• 3. introductionPeople are inherently social. The trouble is, organizations typically do notharness this natural inclination well. Rather, they create barriers that hinder howemployees engage with one another, and limit agility in how they collaborateand make decisions.They do this by forming complex hierarchies and reporting structures,excessively layering new processes and controls without reviewing orremoving existing ones, as well as creating functional silos with definedyet competing interests.In an effort to control and converge the way people work, organizations havehindered their productivity and increased bureaucracy—so much so thattraditional management think is no longer working. Employees and employersalike are looking for a new way of interacting that’s more productive, moreefficient and more responsive to what’s happening here and now—not whatwas happening when all these processes and hierarchies were created.By redefining how we manage, and by striving to better reflect how peoplewant to work in an information-based knowledge economy, we can improvecommunication and collaboration, and eliminate waste. This is what socialmanagement at work is all about and we’re already doing it ourselves.In the next few pages, we will take you through our thinking, our approach andshow you why “social” is the next evolution in good management practice.Rolf E. Kleiner Charles Bedard3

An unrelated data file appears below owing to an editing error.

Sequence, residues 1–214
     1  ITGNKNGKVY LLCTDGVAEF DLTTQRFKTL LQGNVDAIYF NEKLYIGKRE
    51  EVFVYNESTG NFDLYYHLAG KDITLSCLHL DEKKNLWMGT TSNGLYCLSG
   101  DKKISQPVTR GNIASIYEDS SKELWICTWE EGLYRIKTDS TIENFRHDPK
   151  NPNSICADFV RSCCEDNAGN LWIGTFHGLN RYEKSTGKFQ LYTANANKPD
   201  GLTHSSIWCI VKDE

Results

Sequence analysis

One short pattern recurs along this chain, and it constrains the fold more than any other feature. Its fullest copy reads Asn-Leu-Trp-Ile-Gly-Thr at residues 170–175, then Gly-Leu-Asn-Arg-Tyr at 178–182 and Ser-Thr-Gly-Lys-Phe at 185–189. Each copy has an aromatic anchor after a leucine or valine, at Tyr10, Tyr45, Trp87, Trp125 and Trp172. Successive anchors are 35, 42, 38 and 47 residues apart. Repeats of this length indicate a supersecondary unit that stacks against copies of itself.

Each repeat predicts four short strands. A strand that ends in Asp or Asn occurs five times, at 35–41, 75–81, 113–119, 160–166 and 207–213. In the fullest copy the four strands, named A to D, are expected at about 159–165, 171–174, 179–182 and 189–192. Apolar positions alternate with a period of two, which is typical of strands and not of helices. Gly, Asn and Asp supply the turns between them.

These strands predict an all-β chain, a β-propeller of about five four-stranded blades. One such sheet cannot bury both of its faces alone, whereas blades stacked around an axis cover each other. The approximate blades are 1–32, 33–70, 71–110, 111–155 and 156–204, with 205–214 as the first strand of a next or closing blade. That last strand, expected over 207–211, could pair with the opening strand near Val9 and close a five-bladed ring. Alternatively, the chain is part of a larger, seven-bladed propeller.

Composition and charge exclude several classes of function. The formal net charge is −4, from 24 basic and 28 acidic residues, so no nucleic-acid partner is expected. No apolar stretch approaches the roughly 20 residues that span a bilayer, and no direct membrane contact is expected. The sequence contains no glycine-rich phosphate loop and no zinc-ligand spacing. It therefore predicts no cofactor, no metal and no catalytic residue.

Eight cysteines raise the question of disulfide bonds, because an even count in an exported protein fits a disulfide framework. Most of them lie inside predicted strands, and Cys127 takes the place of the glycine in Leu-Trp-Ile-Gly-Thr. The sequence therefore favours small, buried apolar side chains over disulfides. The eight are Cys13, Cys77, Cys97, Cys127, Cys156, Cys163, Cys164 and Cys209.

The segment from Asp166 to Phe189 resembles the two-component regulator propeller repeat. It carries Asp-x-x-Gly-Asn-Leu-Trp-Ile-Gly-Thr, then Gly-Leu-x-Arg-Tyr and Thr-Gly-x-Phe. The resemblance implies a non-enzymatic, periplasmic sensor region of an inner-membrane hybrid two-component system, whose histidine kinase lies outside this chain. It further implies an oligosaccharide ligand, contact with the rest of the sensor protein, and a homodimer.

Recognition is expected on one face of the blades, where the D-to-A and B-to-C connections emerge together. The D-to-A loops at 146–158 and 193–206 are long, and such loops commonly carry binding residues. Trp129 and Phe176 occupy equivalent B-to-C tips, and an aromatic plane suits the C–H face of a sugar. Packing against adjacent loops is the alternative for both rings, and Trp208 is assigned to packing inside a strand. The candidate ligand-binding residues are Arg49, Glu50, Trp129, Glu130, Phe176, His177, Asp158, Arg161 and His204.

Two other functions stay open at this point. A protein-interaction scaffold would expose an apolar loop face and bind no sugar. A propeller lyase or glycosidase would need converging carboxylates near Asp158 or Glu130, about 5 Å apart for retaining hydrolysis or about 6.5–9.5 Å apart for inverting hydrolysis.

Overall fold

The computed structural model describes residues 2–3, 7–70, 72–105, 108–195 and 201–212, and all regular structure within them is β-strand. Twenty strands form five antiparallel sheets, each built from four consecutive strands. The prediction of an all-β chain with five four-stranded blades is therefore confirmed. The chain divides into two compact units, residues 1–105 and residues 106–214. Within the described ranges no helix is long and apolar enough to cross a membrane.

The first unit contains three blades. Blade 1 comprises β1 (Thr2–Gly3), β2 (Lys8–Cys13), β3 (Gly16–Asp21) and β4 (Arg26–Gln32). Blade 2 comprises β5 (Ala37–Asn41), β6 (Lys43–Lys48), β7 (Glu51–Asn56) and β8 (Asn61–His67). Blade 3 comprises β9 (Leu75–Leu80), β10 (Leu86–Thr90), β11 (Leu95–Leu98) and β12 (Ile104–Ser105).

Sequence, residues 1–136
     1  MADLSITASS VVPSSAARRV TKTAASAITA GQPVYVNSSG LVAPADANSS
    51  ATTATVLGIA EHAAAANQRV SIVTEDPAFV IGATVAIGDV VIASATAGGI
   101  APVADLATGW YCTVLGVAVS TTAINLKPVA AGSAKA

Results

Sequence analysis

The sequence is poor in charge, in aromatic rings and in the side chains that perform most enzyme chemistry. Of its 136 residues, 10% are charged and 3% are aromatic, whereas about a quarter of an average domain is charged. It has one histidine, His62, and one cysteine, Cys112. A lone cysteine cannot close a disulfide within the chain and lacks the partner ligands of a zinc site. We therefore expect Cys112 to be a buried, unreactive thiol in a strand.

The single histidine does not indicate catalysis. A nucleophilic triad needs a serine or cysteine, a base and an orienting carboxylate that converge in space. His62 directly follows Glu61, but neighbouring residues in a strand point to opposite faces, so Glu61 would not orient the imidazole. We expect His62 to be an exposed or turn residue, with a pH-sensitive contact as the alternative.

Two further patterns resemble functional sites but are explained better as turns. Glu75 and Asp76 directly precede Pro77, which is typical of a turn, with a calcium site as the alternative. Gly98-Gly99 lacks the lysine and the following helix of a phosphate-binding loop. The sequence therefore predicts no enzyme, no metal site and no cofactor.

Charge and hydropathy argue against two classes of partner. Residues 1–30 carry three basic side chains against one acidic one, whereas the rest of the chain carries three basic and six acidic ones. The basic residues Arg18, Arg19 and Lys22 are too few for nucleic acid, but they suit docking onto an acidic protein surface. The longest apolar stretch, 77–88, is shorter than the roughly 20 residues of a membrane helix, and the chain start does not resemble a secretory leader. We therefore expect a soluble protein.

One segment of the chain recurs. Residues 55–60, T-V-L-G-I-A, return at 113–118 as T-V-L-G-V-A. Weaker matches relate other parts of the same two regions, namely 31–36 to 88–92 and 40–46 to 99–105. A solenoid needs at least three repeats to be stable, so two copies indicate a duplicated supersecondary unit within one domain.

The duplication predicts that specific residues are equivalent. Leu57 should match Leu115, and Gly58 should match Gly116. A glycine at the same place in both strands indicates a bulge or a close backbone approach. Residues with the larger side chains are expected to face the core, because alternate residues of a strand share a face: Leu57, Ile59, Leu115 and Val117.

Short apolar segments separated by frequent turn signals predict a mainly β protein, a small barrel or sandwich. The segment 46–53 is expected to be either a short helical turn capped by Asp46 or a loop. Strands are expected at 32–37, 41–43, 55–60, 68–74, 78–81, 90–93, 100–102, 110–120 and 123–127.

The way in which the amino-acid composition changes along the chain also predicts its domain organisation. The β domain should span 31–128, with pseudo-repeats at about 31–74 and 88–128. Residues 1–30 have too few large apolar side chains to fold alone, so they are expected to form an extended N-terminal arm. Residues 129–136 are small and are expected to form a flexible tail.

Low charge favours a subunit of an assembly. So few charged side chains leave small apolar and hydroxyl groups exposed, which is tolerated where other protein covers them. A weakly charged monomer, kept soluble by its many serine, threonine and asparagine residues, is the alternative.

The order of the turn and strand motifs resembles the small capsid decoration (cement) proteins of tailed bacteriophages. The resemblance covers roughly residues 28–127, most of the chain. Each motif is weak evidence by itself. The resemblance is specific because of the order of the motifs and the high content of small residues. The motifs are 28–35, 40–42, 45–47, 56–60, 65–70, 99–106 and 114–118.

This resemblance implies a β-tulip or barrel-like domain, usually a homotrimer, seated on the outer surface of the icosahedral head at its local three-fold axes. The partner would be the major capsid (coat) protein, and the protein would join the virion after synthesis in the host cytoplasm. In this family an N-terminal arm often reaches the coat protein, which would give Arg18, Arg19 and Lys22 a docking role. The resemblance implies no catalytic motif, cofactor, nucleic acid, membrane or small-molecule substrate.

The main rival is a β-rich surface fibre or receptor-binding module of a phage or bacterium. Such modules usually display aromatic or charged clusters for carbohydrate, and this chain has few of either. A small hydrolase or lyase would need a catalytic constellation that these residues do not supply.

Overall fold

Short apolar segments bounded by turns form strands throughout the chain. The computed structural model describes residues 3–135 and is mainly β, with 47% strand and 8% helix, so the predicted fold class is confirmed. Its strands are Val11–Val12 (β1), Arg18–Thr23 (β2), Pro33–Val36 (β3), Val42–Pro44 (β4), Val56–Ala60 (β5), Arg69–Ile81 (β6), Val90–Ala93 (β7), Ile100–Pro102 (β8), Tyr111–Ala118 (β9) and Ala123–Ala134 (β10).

• 4. From the outside, we perceive companies as unified wholes.In reality they are often a series of silos, each with their ownobjectives, management practices and ways of operating.Why we need socialmanagement practicesThe challenge every large organization faces is to move from being a groupof fragmented silos working in parallel, to becoming a unified ecosystem. Andunfortunately, many of the controls and processes managers have used toimprove employee functioning have, in fact, inhibited it.The silos present in many traditional business structures have the effect of limitingaccess to critical communication—not only vertically but also horizontally. This isproblematic for four reasons:1. Only top leaders can give strategic communications the appropriateweight, yet few employees receive this thanks to hierarchical “cascading”communication styles.2. Strategy involves trade-offs, which are more easily accepted when put in abroad perspective, without parochial filters.3. Messages passed from person to person seldom arrive intact—so employeesare left operating without the key information they need.4. Critical messages from the “frontline” do not filter back up the managementline effectively or efficiently. Often, key customer insights are lost becausecascading doesn’t work in reverse.The “social management” of work is about effectively communicating andmanaging at least these two things:1. The operational goals of the corporation; and2. The impact individuals have on operations.4